What Is a Background Check?

What Is a Background Check?

Updated 22 December 2020

If you are applying for a job, you are likely to be asked by your potential employer for your consent to carry out a background check, sometimes before an offer of employment is made.

This article will help you understand what a background check is, why background checks are conducted by employers and what your basic rights are regarding background checks.

What Is a Background Check?

An employment background check is an investigation carried out by the employer to check details provided by the applicant, including:

  • Verifying your identity and right to work
  • Your credentials (such as professional references and education results)
  • Any potential commercial and criminal background that may be relevant

Depending on the type of role that you have applied for, additional background checks may also be required if the role requires government security clearance, credit checks or certain professional qualifications.

Nearly all employers will ask for a background check, usually before a job offer is proffered, but occasionally in the period between acceptance of the role and starting the position.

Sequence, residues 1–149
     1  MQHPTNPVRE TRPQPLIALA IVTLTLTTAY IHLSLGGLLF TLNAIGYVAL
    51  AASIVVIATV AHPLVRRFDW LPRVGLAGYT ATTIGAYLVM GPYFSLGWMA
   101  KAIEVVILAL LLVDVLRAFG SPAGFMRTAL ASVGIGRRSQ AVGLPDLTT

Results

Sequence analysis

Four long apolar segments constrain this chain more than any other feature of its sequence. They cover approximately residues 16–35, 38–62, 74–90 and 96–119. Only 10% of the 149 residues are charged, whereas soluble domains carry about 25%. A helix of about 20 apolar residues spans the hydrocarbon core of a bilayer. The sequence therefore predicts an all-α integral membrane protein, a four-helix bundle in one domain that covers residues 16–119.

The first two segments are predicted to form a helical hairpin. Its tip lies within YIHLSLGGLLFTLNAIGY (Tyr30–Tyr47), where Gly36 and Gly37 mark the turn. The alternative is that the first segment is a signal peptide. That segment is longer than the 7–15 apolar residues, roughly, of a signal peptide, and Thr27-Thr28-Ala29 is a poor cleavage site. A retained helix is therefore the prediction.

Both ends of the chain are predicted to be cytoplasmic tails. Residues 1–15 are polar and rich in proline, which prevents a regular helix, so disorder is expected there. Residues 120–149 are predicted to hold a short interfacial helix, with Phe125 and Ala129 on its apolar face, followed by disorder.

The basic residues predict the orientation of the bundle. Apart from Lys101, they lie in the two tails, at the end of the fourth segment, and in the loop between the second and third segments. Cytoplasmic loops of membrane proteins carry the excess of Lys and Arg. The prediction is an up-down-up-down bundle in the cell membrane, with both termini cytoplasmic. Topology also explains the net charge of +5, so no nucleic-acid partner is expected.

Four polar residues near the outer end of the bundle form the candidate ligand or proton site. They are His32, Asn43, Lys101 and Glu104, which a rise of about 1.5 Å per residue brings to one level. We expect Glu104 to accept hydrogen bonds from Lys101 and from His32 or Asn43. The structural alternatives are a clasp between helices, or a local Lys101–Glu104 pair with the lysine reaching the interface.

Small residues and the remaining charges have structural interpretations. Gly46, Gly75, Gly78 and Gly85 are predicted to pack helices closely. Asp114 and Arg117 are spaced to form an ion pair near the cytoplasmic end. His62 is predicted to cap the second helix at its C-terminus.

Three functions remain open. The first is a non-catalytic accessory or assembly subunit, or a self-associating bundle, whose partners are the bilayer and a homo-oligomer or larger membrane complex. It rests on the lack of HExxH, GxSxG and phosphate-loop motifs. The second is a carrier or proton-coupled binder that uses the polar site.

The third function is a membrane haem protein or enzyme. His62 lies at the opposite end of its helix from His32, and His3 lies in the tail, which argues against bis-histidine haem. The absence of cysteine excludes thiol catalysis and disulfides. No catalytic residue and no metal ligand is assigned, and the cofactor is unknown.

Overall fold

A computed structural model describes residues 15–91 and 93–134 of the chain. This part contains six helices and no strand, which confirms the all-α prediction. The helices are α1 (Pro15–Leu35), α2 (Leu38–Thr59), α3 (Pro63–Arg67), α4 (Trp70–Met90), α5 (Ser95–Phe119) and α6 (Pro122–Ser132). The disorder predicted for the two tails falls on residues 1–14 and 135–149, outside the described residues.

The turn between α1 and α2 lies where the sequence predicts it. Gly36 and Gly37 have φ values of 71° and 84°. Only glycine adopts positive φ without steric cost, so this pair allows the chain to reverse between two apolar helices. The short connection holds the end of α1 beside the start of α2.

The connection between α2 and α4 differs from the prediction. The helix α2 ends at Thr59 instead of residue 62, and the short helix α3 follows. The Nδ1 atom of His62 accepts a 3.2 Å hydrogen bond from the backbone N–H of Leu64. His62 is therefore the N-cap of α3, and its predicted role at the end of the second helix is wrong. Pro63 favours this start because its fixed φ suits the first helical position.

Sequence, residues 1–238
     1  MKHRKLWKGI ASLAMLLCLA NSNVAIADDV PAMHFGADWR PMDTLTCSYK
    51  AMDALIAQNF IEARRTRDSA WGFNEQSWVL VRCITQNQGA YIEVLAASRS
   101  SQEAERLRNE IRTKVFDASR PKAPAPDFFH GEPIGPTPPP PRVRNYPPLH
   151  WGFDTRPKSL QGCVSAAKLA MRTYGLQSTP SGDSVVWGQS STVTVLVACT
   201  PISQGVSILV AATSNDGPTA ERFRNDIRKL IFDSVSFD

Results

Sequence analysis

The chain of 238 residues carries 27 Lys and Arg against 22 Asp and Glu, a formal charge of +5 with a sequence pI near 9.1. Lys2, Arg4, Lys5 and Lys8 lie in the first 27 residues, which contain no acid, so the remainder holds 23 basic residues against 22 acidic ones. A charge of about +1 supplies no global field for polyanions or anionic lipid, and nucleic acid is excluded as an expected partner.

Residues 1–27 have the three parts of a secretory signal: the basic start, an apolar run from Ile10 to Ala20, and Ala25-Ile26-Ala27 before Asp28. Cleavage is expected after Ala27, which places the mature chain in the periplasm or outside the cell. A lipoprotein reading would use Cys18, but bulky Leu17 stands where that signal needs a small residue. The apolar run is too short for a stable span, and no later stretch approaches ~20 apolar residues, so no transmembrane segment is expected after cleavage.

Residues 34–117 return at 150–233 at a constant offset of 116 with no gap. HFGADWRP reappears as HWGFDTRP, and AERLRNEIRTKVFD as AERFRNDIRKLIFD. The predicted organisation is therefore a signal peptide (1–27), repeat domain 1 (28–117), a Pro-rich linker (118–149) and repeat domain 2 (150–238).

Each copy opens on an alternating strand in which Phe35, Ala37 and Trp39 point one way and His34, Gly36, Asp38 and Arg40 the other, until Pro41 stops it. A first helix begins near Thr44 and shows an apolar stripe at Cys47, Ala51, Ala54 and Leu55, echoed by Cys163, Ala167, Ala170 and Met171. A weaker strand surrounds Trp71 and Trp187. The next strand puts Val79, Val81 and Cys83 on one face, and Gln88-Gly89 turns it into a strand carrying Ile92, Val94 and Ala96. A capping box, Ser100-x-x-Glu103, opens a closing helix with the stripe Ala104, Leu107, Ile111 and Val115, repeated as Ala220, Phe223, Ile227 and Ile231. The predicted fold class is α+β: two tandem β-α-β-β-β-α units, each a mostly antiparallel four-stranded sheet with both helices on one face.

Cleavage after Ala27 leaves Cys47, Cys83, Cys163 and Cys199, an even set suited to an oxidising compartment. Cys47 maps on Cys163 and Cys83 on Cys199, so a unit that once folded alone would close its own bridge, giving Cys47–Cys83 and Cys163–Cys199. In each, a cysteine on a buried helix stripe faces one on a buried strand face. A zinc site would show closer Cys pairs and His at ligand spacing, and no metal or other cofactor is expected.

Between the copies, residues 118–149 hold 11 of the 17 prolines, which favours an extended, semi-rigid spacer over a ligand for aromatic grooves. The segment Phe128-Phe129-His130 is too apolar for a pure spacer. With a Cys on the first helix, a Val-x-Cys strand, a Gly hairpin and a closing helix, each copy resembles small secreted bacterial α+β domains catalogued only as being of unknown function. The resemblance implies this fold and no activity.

A job offer may also be made that is contingent on the results of a background check.

Why Do Employers Conduct Background Checks?

Every legitimate and decent employer will want to be sure that they are not breaking any laws when recruiting a new employee.

This means that, in addition to ensuring that you are a good fit for the business and have the relevant skills and training, your potential new employer will want to be satisfied that:

  • You have the right to work
  • That you are trustworthy
  • That your references and academic credentials check out and are accurate
  • That you do not have a criminal record, particularly one that would stop you from carrying out your job

Employers may also continue to carry out regular checks (for example, criminal record checks or drug and alcohol checks) routinely throughout your employment, depending on the role.

Who Carries Out a Background Check?

Background checks are typically carried out by third parties who carry out checks on behalf of the employer.

The Federal Trade Commission (FTC) says that all employers must seek your written permission before carrying out any of these checks through a third party.

If anything is flagged in the reports that lead to you not being given a job offer, the employer is obliged to contact you with the relevant information.